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It's an inside joke: The All Rectangle is actually a trio, but they round up after adding a fourth (guest) musician. With the unpredictability of the fourth member, The All Rectangle always keeps close to the edge. Ke Ala Mano marks this group's first appearance on record, after live performances in a variety of settings.
The bedrock foundation of The All Rectangle's rhythm section grounds Ke Ala Mano. Derek Crawford's insistently thrusting drums push and prod the beat forward, drawing heavily from rock and fusion styles but rarely sticking in a specific groove for long. The addition of electronics (wielded by Brad Bowden) drenches the beat with thick textures, evolving effects, and plenty of distorted sounds. Rounding out the core trio, bassist Alana Rocklin often plays a surprisingly up-front melodic role, in addition to her vital efforts to thicken up the groove.
The opener, "The Body Language of a Race Horse," starts out gently with spooky ambient textures, then the bass and drums step in to add understated punctuation. Little by little, the music defines itself with a reverberant Eastern-sounding bass melody. Then, with a whisper, it's goneand the next tune carries on. Like a locomotive, once the group gets up to speed, it's hard to stop. By the time electric trumpeter Mark Kirschenman (!) takes the stage, they're powering forward. Searing, distorted energy marks the peak; then, after a moment of reflection, the group ascends the mountain from a different angle.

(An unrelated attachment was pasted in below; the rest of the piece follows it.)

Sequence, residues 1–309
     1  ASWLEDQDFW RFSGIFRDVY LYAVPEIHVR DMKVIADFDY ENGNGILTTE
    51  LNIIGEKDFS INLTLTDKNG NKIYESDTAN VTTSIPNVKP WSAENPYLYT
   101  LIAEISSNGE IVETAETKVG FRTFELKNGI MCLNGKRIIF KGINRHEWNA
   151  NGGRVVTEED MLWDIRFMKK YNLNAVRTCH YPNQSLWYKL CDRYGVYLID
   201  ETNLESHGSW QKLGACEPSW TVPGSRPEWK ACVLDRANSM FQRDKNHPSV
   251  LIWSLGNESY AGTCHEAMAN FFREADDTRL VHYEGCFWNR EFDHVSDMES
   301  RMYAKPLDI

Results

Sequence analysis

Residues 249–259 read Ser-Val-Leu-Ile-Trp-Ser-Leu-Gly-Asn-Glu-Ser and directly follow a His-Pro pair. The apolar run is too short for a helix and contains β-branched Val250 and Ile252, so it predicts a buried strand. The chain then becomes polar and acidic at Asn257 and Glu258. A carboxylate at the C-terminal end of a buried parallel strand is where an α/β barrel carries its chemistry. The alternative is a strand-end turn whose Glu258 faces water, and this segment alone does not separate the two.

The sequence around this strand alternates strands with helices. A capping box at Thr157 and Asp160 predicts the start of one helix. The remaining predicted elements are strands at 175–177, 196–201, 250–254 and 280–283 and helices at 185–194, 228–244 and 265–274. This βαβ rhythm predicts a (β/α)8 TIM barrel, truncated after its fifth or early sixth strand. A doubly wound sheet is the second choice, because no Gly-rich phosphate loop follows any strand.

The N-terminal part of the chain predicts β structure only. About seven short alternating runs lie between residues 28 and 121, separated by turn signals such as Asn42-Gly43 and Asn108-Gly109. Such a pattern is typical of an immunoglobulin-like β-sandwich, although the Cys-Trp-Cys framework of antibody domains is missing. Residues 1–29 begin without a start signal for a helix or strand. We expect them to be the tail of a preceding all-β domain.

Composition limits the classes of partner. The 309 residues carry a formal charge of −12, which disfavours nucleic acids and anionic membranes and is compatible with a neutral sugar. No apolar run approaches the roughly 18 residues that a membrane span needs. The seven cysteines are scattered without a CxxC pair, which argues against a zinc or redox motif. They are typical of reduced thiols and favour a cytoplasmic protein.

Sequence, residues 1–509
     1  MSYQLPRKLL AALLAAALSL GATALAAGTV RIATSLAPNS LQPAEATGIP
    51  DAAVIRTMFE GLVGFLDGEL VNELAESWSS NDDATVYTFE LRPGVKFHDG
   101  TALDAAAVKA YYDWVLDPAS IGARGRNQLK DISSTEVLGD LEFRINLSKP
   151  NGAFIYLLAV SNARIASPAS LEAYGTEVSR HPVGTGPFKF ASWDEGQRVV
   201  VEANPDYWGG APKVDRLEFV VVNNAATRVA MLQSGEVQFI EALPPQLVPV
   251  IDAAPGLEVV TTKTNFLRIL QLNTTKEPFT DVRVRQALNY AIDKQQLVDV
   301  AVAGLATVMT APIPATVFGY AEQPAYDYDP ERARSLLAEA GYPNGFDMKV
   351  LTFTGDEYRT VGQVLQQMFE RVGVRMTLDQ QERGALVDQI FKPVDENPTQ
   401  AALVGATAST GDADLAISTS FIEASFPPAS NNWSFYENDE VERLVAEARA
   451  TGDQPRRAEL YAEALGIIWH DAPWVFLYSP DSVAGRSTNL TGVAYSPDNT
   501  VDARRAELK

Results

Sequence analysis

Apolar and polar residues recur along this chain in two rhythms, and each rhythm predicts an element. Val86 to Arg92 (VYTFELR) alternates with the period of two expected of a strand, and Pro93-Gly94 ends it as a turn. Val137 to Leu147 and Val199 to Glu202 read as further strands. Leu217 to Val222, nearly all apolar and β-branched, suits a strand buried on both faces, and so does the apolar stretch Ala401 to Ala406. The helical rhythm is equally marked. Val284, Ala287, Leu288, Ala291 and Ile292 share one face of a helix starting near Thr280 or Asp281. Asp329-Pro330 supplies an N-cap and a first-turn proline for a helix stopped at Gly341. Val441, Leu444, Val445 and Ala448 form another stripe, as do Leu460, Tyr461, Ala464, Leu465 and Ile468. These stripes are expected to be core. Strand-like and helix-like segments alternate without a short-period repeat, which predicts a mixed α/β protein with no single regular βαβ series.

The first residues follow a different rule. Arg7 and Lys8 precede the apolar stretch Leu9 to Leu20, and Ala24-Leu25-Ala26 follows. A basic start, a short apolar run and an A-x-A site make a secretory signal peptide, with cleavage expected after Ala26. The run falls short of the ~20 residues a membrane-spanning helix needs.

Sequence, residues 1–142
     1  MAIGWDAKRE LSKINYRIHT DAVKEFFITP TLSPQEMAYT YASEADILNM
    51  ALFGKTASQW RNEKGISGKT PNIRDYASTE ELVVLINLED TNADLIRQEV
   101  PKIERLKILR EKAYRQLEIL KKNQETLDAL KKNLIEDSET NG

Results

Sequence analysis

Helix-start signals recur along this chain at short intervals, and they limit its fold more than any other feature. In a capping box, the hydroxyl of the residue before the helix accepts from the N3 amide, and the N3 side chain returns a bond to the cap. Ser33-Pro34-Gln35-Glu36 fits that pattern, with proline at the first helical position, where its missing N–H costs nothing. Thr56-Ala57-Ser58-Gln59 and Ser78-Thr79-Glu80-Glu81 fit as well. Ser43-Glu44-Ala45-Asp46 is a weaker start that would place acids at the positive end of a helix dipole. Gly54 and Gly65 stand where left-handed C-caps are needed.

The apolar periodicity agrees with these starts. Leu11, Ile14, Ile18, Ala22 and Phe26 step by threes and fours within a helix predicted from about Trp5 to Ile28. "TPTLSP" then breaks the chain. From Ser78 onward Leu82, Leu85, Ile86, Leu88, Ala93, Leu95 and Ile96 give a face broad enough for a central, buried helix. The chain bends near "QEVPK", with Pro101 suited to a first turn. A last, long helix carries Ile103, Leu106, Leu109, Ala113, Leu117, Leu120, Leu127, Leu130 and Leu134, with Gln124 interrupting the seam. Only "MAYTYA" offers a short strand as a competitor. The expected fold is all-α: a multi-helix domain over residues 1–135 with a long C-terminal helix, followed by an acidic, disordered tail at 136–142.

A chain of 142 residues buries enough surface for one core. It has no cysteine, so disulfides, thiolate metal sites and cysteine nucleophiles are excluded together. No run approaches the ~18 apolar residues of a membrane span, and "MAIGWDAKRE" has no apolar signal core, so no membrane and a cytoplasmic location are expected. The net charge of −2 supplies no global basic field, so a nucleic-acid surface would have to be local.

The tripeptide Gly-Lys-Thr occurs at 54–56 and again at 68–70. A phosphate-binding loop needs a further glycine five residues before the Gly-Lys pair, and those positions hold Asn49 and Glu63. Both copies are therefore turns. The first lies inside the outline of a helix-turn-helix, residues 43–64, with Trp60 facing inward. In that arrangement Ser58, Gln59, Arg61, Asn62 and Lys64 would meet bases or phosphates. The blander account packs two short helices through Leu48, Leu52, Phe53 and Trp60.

Ke Ala Mano sounds like an updated fusion for the 21st century: elements of electronica, funk, rock, and improvised music balance each other out for a true union of styles. The special guests on this record each add a distinctive personal touch, but the core trio marches ever forward. The dominant force in this music is the beat, which is so thoroughly interlaced with Rocklin's bass lines that it becomes a fierce beast of its own. Don't expect any kind of swing or bossa novathis is not lounge or parlor musicbut The All Rectangle achieves a nice balance between rockin' structure and liberated improvisation. Ke Ala Mano stretches the boundaries of jazz, rock, funk, and electronica in fresh directions without the slightest bit of heavy-handedness.
I love jazz because anything is possible; it has few rules and the best jazz breaks those ones. I prefer free improv because it doesn't really have any rules at all.
I was first exposed to jazz in my teens (in the late sixties).
The first jazz record I bought was Filles de Kilimanjaro by Miles Davis, shortly followed by Extrapolation by John McLaughlin.
My advice to new listeners is to listen as widely as possible and not to make snap judgments--stick with it.